Wed Sep 13, 2017 11:21 am
Point taken. But, I think you take my point also. I'll be in a better mood about this in a while. In the meantime, have at it :D
Actually, I don't.
Okay, have it your way. Scientist or engineer, meme without basis, whatever. I took your point, you claim not to take mine (of which claim I'm dubious, try to think instead of argue your point, but so be it). IMO, this topic has become almost like politics in that people talk past each other, few, if any, opinions are changed even one degree: angry feelings develop. Roger and out.
I'm sorry if you think I'm being unpleasant. I really didn't get your point.
This week's fortune cookie: "The stock market may be your ticket to success." I sure hope so!

Valuethinker
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Re: Electric car in evacuation situation

Post by Valuethinker » Wed Sep 13, 2017 5:06 pm

thangngo wrote:
Wed Sep 13, 2017 11:20 am
Valuethinker wrote:
Wed Sep 13, 2017 5:18 am
A prediction I cannot be held to? By 2050 it will be difficult or impossible to drive an ICE vehicle and very expensive at the very least. Indeed I could see that by 2040. It will have become societally unacceptable. You read it from some stranger on the internets ;-).
I believe it's the exact opposite. When there are many electric cars, gasoline price will decrease so low due to supply/demand. That'd make it cheap to drive ICE car. I'll upgrade to a V8 (or hell even V12) and pay less for gas than I do now. :sharebeer I promise that I'll floor it and smoke folks who drive electric car (literally) just for kicks. :mrgreen: That South Park episode is hilarious LOL smog...
I agree gasoline Will be cheap. The fracking technology appears to put a cap on oil at 60 dollars a barrel. Ex geopolitical disruptions.

However we have run out of time on this. Things are changing too fast.

I encourage you to read Dieter Helm's Burn Out: the end game for fossil fuels.

Helm is a respected energy economist at Oxford University. He is an advisor to the UK government. The book is mostly about what a world w very cheap energy looks like and the impacts that will have on fossil fuel producing countries like Russia and Saudi Arabia (pretty bad), the US (net positive) and on oil and gas producers and utilities.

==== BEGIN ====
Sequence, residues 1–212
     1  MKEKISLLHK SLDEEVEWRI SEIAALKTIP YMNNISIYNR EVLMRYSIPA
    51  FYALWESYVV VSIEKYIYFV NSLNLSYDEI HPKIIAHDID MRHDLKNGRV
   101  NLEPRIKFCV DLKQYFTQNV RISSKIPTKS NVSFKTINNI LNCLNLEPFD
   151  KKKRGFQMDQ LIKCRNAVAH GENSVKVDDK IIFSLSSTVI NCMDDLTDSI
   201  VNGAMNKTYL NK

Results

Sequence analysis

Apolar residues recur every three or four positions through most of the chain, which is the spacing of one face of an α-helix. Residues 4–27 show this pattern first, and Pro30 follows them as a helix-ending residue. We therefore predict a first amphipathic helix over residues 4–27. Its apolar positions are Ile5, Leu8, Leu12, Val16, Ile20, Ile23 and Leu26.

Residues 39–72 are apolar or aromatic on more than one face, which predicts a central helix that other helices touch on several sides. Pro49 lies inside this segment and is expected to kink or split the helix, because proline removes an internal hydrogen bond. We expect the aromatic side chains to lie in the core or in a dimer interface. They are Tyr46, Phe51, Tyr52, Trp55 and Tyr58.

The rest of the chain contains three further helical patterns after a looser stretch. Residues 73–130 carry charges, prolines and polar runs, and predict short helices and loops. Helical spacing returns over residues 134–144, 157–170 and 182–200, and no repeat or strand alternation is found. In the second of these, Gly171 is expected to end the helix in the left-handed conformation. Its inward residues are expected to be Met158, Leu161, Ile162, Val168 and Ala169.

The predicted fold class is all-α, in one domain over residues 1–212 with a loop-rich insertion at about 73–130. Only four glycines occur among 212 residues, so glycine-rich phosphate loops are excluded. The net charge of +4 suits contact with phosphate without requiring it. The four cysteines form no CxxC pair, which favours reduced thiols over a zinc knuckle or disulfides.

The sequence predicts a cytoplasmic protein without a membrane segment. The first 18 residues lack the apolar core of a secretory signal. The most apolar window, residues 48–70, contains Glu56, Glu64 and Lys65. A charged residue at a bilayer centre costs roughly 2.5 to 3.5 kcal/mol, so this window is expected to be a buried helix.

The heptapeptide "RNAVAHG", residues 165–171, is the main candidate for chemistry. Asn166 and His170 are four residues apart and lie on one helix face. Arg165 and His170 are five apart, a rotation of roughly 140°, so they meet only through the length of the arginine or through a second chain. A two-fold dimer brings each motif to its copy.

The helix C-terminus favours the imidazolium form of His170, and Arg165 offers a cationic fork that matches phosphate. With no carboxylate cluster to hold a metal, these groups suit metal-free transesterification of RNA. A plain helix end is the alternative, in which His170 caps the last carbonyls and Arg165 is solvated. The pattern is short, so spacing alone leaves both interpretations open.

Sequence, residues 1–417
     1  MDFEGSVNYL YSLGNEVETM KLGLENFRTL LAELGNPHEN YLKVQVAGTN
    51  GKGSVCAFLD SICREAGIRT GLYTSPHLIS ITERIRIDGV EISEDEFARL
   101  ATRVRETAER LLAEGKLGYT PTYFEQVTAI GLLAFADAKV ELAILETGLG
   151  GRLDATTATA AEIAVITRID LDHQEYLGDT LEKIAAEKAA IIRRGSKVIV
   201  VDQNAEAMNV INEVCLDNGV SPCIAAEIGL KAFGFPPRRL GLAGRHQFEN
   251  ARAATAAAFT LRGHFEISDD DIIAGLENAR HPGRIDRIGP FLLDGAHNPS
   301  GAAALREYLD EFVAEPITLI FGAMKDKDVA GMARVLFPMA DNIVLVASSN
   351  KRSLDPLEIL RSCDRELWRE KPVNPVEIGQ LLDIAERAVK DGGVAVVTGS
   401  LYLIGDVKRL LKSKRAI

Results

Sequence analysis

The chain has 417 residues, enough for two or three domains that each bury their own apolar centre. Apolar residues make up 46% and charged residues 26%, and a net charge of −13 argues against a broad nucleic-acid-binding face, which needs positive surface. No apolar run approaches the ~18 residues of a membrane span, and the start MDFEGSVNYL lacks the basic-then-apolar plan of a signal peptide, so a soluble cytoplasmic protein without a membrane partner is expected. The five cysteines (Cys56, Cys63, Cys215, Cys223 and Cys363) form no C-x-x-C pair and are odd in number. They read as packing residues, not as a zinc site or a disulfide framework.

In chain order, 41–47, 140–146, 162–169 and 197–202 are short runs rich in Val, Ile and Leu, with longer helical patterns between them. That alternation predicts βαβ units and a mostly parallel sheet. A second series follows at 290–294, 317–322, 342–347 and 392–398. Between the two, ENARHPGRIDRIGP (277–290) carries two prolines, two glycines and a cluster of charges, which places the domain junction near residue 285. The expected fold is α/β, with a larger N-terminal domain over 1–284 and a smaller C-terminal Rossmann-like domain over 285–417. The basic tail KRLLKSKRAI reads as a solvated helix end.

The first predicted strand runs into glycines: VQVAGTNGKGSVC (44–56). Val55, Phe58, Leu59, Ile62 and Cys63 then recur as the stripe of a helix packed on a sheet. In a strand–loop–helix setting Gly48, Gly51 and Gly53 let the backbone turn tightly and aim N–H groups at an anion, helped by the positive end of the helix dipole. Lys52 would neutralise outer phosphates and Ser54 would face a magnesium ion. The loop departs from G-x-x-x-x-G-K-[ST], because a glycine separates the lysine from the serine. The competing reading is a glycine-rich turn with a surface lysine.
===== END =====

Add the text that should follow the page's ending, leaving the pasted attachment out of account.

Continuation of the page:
Valuethinker
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Re: Electric car in evacuation situation

Post by Valuethinker » Wed Sep 13, 2017 5:13 pm

emoore wrote:
Wed Sep 13, 2017 1:04 pm
thangngo wrote:
Wed Sep 13, 2017 11:20 am
Valuethinker wrote:
Wed Sep 13, 2017 5:18 am
A prediction I cannot be held to? By 2050 it will be difficult or impossible to drive an ICE vehicle and very expensive at the very least. Indeed I could see that by 2040. It will have become societally unacceptable. You read it from some stranger on the internets ;-).
I believe it's the exact opposite. When there are many electric cars, gasoline price will decrease so low due to supply/demand. That'd make it cheap to drive ICE car. I'll upgrade to a V8 (or hell even V12) and pay less for gas than I do now. :sharebeer I promise that I'll floor it and smoke folks who drive electric car (literally) just for kicks. :mrgreen: That South Park episode is hilarious LOL smog...
Doubtful. If regulations doesn't make it difficult to use gas then the market will. If there isn't much demand for gas and oil why would companies invest billions of dollars drilling and refining it?
Fracking has changed the economics. There appears to be an essentially limitless supply of oil at around The 60 dollar a barrel Mark.

Oil is becoming more like a manufactured commodity like aluminum where supply reacts to demand. Or like forest products.

Spencer Dale, chief economist at Bp has a good article on this. I cannot search for the link tonight but may remember to tomorrow.

Oil will be cheap. But that does not mean we will burn it.

Valuethinker
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Re: Electric car in evacuation situation

Post by Valuethinker » Wed Sep 13, 2017 5:22 pm

kmox wrote:
Wed Sep 13, 2017 12:16 pm